Radio

NOAA All-Hazards Weather Radio


Important Note About Tone Alerts and Purchasing NOAA Weather Radios
NWS suggests consumers look for NWR receivers that are compliant with the Consumer Electronics Association Public Alert Standard for Weather Radio Receivers (CEA-2009-A). Those receivers have important features such as SAME and battery backup and should meet the minimum standard for Public Alert radios. Manufacturers that market at least one compliant receiver are shown with a Public Alert logo on the NWR Receiver Consumer Information page.

If NWR listeners are concerned about receiving the Routine Weekly Test (RWT), they should consult their owner’s manual to see how their receiver handles the test and whether it allows them to turn the audio alarm for the RWT back on (the First Alert WX-167 is one model that does).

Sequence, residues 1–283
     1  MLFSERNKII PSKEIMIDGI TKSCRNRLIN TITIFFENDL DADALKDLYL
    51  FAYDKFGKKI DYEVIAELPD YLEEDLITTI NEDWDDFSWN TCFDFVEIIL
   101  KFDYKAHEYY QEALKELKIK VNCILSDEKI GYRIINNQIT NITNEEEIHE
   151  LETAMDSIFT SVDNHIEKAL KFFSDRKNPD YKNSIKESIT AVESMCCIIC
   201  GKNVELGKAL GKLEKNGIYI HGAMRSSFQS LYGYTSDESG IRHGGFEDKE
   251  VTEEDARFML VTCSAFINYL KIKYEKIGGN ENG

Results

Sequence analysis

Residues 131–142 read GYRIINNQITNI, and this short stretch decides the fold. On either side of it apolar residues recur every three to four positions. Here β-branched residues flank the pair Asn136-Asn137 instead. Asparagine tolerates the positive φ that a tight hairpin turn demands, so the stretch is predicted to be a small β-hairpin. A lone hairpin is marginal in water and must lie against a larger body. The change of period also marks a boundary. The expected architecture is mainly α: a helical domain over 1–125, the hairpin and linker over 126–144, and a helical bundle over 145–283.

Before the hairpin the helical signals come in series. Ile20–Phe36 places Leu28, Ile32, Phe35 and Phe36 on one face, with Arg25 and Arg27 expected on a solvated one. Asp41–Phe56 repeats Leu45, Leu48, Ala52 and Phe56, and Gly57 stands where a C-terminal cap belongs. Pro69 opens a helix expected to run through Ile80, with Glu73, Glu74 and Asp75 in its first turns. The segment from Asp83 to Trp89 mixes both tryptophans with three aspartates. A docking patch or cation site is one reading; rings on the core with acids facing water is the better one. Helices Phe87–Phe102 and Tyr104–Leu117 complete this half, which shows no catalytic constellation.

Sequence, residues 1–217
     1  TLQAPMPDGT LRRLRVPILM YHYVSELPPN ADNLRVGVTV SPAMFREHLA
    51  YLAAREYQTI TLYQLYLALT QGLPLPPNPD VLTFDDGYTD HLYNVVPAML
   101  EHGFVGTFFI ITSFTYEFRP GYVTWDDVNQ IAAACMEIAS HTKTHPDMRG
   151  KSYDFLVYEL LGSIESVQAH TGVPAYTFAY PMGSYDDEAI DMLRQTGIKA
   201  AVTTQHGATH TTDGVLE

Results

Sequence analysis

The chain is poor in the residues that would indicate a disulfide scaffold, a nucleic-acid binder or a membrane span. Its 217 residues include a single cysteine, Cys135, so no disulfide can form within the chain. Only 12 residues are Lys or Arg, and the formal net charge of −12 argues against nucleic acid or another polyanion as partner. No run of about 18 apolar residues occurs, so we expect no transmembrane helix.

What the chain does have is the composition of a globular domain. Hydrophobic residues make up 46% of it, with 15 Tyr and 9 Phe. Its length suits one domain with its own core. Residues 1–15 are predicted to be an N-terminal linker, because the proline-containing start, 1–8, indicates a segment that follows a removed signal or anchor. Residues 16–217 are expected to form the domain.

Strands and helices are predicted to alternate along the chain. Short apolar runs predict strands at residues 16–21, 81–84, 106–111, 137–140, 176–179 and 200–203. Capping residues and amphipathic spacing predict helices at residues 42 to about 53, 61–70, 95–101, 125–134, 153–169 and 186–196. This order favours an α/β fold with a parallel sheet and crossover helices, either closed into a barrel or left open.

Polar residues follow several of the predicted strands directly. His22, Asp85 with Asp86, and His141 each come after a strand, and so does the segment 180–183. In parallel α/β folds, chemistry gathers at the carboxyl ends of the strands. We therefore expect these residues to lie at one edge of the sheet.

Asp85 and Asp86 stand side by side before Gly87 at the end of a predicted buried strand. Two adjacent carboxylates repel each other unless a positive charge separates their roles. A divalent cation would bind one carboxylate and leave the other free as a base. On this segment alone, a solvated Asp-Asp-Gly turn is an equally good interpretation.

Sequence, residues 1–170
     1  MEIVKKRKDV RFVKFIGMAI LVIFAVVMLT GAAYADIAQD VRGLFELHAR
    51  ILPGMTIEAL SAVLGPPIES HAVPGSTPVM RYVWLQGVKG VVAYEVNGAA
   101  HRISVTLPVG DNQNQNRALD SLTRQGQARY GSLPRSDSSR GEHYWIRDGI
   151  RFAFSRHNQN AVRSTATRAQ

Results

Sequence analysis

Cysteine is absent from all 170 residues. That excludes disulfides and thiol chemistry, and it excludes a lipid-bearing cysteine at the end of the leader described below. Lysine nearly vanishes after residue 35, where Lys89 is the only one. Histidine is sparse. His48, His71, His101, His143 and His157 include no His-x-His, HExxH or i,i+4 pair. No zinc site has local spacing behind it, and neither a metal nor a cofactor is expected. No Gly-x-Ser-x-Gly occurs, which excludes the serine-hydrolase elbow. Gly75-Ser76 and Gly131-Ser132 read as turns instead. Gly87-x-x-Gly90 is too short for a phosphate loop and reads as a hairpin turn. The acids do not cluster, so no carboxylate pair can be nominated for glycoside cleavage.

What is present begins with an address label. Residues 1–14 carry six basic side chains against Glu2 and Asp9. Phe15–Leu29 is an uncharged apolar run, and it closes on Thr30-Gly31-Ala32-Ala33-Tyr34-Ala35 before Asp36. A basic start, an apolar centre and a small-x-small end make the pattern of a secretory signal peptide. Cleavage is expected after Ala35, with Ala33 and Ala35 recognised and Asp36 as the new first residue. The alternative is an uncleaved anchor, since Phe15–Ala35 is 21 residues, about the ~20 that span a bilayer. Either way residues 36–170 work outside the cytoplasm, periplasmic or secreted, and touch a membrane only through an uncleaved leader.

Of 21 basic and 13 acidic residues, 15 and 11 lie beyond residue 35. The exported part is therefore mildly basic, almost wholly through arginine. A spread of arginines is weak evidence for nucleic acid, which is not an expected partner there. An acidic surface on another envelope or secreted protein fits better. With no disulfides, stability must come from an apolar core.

Some newer model NWR receivers, including but not limited to the Midland WR-100 and First Alert WX-167, will not sound an audio alarm when the RWT is sent.  The Midland WR-100 and First Alert WX-167 receivers were among those sent to schools as part of the DOC/DHS/ED weather radio initiative.

In those cases where the audio alarm is blocked an LED should light up and a visual message appear acknowledging the RWT on the receiver display screen. This is consistent with the CEA 2009-A Public Alert standard which states that the audio RWT alarm may be disabled (blocked) by the manufacturer at the factory.




BACK

USA.gov is the U.S. government's official web portal to all federal, state and local government web resources and services.